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Help with little excercise

  • # March 26, 2013 at 4:12 am

    Help with little exercise
    I start studying Javascript and found exercise.
    Have to make a game, here are condition:
    1) Asking the user which option they want to pick.
    2) We now need the computer to make a choice.
    3) We need to somehow translate this random number into a random choice of rock, paper, or scissors.

    If computerChoice is between 0 and 0.33, make computerChoice equal to rock.

    If computerChoice is between 0.34 and 0.66, make computerChoice equal to paper.

    If computerChoice is between 0.67 and 1, make computerChoice equal to scissors.

    I don’t even know where I made a mistake :(((

    http://dabblet.com/gist/5243855

    # March 26, 2013 at 4:36 am

    you can make your code much more simplier not checking two numbers at a time but only one

    var computerChoice = Math.random();
    var choise;

    if(computerChoice < 0.67){
    if(computerChoice < 0.34){choise = 'paper';}else{choise = 'rock'}

    }else{choise = ‘scissors’}
    console.log(choise);

    And using the turnary operator smaller code but more difficult to read
    (computerChoice < 0.67) ?
    computerChoice < 0.34 ? choise ='scissors' : choise ='paper'
    :choise =’rock';

    # March 26, 2013 at 4:39 am

    Works if you change the “else” to “else if”.

    # March 26, 2013 at 6:36 am

    Thanks, everyone.
    With help i made some steps, but there is another problem, and again I don’t know where http://dabblet.com/gist/5244437 :((((

    # March 26, 2013 at 7:17 am

    http://dabblet.com/gist/5244670 read the comments :)

    # March 26, 2013 at 7:29 am

    it looks so clean :)) without additional {} everywhere. Thanks for the help

    # March 26, 2013 at 8:04 am

    No problem :)

    # March 26, 2013 at 10:31 am

    I would actually also look into using http://www.jshint.com to learn what habits may be dangerous when it comes to javascript, and to get a better feel for how to use it.

    Since it’s solved I won’t put too much in here (feel free to prod me if you want details), but I would consider, for one, shifting the if/else if/else to a “switch”.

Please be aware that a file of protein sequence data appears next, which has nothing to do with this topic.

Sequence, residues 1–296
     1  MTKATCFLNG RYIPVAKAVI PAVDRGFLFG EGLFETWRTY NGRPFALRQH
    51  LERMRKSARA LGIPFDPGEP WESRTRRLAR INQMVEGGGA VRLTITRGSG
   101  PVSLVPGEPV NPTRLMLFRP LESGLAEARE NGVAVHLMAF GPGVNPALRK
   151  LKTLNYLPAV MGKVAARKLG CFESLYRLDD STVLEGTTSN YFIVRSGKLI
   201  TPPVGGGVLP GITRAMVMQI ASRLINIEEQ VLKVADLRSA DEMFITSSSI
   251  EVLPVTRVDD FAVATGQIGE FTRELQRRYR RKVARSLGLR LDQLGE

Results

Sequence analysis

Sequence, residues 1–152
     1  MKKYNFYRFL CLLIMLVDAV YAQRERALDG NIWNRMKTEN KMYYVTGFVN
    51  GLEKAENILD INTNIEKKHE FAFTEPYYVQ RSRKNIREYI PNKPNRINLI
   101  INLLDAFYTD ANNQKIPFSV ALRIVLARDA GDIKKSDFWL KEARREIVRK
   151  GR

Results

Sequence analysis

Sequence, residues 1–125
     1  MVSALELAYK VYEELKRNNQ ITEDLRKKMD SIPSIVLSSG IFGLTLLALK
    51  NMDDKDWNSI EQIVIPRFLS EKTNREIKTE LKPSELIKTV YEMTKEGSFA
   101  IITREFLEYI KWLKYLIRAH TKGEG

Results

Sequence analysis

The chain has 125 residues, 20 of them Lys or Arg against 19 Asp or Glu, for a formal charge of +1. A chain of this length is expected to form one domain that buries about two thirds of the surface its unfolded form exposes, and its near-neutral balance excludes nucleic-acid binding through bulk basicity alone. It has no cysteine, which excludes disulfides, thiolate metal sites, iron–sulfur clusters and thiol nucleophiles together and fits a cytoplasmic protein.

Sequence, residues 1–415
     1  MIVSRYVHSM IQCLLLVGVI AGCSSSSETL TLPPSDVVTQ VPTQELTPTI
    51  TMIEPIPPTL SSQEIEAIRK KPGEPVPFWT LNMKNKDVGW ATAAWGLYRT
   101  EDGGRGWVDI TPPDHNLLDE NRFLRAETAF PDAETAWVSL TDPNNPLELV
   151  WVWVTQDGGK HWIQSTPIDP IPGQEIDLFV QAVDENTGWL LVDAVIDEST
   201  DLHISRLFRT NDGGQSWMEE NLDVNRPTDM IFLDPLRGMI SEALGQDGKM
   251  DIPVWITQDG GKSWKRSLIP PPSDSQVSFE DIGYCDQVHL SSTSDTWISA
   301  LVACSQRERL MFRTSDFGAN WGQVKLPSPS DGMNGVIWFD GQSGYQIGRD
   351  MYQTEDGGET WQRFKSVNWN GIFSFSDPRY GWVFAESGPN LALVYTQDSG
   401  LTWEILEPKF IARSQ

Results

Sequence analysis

# March 26, 2013 at 11:08 am

    That site gives a whole lot of ‘errors’ which aren’t actually errors. Using `==` instead of `===` doesn’t matter at all since we already know both sides are strings (or `null` for the `userChoice`). Missing a semicolon sucks, I normally always use them, but actually it’s perfectly valid JS without it too. Not having `{ … }` wrapped around blocks with a single expressions makes the code more readable imho. `prompt` and `alert` are not defined? Sure you can use `window.prompt` and `window.alert` to get rid of those errors but it’s fine without it since global scope is actually the scope of `window`.

    I’ve been thinking about using a switch, you have any suggestions? Nested switches are just as messy as all the ifs and elses.

    # March 26, 2013 at 12:09 pm

    Please, guys
    Can someone recommend for me more exercise, but not very difficult

    # March 27, 2013 at 3:39 am

    Yes, the main reason I recommended jshint is to get into the habit of making good code, and in particular knowing _what_ good code looks like. I disagree with the readability (or lack thereof) of having `{ … }` wrapped around blocks with single expressions, though more I’d see a concern based on the risks for bugs if one isn’t aware of what could happen.

    I think that how I would actually do it has a lot to do with breaking out bits and pieces of code. I can update it with how _I_ would’ve done it (the emphasis on I because there’s more than one way to skin a cat ;) ), it’ll come up probably tonight.

    As for exercises in JavaScript… I found [these](http://www.ling.gu.se/~lager/kurser/webtechnology/lab4.html) – they might be of interest?

    # March 28, 2013 at 1:28 pm

    Thanks, Melindera
    it’s good for the first time

    # March 28, 2013 at 6:21 pm

    Melindrea, still interested to see your solution. I even thought about concatenating the two choices and make a switch for 6 different combinations (which you can merge to 3 combined cases if you don’t want to show who actually won, just which hand won)

    # March 30, 2013 at 3:33 pm

    Sorry, been busy, and then felt silly adding to an “old” convo =) Since it’s easter now, I’ll have time to do it.

    What I’ve been looking at is comparing the different options to get a win/lose scenario, and then returning the string with the winner/loser based on that.

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